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Computer Monitor Buying Guide

A comprehensive guide that will give you all the information you need on how to buy a new computer monitor.
Getting Started
A common misconception is that everything computer related is obsolete within 5 years, but that is not true when talking about Computer Monitors. A computer monitor can last for years making them the exception to the technology rule. To make sure you are an informed consumer and find the right monitor that will last you years to come please continue reading. If you find some of your questions unanswered by the end of the article, you can always call our knowledgeable sales staff at 888-228-5800.
Computer monitors are measured the same way as TVs: diagonally across the screen in inches. Monitors range in size from 19 inches up to 34 inches. The recommended size for the typical user is between 22-24 inches because it offers a nice compromise between screen size and the amount of space it takes up. The size of a computer monitor is usually the most important decision when picking out a monitor, so read on to make sure you find the right monitor for your circumstance.

It's important to note the distinction between screen size and resolution. Two monitors of the same resolution will fit the same amount of content on a screen, regardless of their size. Therefore a 19-inch monitor would show a movie exactly the same resolution as a 30-inch monitor. Conversely, if there are two monitors that are the same size, but one has a higher resolution. The one with better resolution can display more content and a more crisp picture than a monitor with a lower resolution.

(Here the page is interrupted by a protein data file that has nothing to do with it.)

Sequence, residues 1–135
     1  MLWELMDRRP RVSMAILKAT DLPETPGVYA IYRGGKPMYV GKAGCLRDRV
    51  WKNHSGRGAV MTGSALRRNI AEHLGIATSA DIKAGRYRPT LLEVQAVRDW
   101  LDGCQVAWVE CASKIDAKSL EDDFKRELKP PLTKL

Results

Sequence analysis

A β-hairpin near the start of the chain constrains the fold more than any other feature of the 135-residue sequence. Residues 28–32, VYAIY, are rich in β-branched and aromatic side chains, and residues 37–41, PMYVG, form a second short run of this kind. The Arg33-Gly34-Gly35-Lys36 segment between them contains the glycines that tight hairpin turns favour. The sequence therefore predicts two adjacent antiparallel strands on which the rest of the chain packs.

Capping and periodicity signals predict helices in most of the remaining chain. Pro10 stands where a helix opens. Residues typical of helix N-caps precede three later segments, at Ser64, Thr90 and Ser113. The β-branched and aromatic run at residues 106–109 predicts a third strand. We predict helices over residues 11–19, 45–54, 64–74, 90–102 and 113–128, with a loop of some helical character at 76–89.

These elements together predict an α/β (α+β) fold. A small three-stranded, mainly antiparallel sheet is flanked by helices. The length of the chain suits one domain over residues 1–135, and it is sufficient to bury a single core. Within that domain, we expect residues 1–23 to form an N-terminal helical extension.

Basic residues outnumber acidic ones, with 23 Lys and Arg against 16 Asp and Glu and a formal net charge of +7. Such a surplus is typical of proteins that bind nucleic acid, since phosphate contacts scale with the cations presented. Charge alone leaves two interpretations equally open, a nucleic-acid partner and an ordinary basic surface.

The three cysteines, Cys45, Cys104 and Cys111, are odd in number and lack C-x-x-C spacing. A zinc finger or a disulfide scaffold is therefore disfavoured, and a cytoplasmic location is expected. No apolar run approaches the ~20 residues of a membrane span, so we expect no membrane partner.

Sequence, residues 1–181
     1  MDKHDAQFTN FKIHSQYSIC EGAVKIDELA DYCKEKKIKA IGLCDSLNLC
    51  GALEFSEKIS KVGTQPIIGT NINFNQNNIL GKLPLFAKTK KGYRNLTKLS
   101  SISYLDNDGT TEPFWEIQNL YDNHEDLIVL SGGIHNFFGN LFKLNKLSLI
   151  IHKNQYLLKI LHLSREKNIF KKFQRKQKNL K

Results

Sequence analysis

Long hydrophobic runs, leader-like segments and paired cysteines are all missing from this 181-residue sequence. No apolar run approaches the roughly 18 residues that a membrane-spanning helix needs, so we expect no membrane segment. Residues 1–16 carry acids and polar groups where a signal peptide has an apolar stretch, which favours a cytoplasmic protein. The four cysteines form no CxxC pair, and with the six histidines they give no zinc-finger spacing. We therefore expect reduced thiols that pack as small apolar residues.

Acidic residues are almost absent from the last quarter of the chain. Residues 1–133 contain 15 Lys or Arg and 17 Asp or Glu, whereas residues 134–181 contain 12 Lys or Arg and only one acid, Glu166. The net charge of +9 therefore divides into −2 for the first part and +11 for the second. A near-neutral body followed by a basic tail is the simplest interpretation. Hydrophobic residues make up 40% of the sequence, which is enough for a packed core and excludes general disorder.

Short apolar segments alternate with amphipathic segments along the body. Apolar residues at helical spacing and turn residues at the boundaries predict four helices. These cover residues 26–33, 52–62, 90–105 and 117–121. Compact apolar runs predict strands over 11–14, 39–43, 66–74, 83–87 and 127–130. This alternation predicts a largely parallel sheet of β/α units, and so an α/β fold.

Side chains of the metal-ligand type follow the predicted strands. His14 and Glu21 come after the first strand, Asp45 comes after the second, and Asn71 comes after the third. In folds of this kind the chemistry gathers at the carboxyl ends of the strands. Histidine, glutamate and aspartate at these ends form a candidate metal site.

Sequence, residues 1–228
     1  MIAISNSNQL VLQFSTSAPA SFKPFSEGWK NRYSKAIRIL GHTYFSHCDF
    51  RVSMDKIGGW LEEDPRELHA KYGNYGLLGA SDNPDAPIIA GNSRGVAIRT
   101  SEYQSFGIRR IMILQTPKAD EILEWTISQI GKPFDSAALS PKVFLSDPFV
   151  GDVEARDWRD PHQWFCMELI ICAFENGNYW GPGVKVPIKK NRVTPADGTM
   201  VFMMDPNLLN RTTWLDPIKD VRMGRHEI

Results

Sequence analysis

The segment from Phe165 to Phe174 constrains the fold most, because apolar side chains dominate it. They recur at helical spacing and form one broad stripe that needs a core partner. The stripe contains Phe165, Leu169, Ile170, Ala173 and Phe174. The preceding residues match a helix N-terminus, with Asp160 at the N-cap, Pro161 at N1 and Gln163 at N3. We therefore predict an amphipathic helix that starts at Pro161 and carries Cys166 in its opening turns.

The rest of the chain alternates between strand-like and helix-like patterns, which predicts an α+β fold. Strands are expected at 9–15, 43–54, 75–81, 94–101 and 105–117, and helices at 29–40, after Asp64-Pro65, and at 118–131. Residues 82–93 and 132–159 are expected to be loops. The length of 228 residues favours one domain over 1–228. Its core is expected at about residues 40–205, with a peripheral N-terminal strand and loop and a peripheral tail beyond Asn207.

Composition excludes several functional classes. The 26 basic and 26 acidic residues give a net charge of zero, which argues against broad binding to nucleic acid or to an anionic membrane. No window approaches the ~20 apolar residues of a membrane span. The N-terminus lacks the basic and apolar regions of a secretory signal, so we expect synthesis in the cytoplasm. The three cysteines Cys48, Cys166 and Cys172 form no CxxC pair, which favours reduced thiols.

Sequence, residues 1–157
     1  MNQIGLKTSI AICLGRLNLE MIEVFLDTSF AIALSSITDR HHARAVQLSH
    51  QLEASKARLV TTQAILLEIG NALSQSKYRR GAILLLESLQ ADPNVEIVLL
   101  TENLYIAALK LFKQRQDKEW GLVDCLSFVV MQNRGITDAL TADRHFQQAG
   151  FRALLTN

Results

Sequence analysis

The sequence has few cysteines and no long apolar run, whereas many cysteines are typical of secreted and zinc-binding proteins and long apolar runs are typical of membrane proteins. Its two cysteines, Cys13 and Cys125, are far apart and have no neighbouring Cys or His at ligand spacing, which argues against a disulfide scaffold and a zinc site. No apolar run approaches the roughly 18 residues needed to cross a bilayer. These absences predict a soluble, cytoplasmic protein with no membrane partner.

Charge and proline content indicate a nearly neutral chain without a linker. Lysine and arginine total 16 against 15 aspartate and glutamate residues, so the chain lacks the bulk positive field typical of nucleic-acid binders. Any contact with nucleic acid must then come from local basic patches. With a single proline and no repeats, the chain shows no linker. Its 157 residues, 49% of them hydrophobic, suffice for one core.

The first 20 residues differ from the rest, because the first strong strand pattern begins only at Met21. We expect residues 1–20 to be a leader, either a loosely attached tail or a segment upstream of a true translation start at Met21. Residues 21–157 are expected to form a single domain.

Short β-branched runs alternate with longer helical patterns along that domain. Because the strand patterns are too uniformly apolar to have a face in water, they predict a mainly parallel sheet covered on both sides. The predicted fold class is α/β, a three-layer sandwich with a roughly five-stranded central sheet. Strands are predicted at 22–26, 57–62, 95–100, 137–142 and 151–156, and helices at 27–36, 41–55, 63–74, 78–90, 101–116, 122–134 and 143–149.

Resolution is measured in pixels, the tiny little squares of light you can see if you look very closely at the screen. The basic rule of thumb is the more pixels the better the resolution. Each pixel can change in color and brightness, and together they form the images you see on the screen. The more pixels a monitor has the more information the monitor can display and the more detailed that content will be.

Resolution is designated by a set of numbers, which measure the number of vertical lines of pixels side by side vs. the number of horizontal lines of pixels that are stacked on top of each other. The most common resolution is 1920 x 1080, also known as 1080p. Similar to the 1080p of TV's this is a great resolution for the typical computer user: web pages fit nicely, you can stack two Word documents side-by-side, and it displays most TV shows and movies with little to no letterboxing. A higher-resolution display, 2560x1440 monitors increased pixel amounts by 33% in each direction compared to a 1080p monitor. While 4K resolution doubles the resolution of a 1080p monitor in each direction, effectively giving you four times more onscreen real estate.
Aspect ratio
Aspect Ratio describes how wide a display is compared to its height. When first released, computer monitors, like TVs, were squarish in shape, with an aspect ratio of 4:3. As widescreen TVs and high definition content grew in popularity, so did widescreen computer monitors. Today, the most popular monitor aspect ratio is 16:9, the same as an HDTV.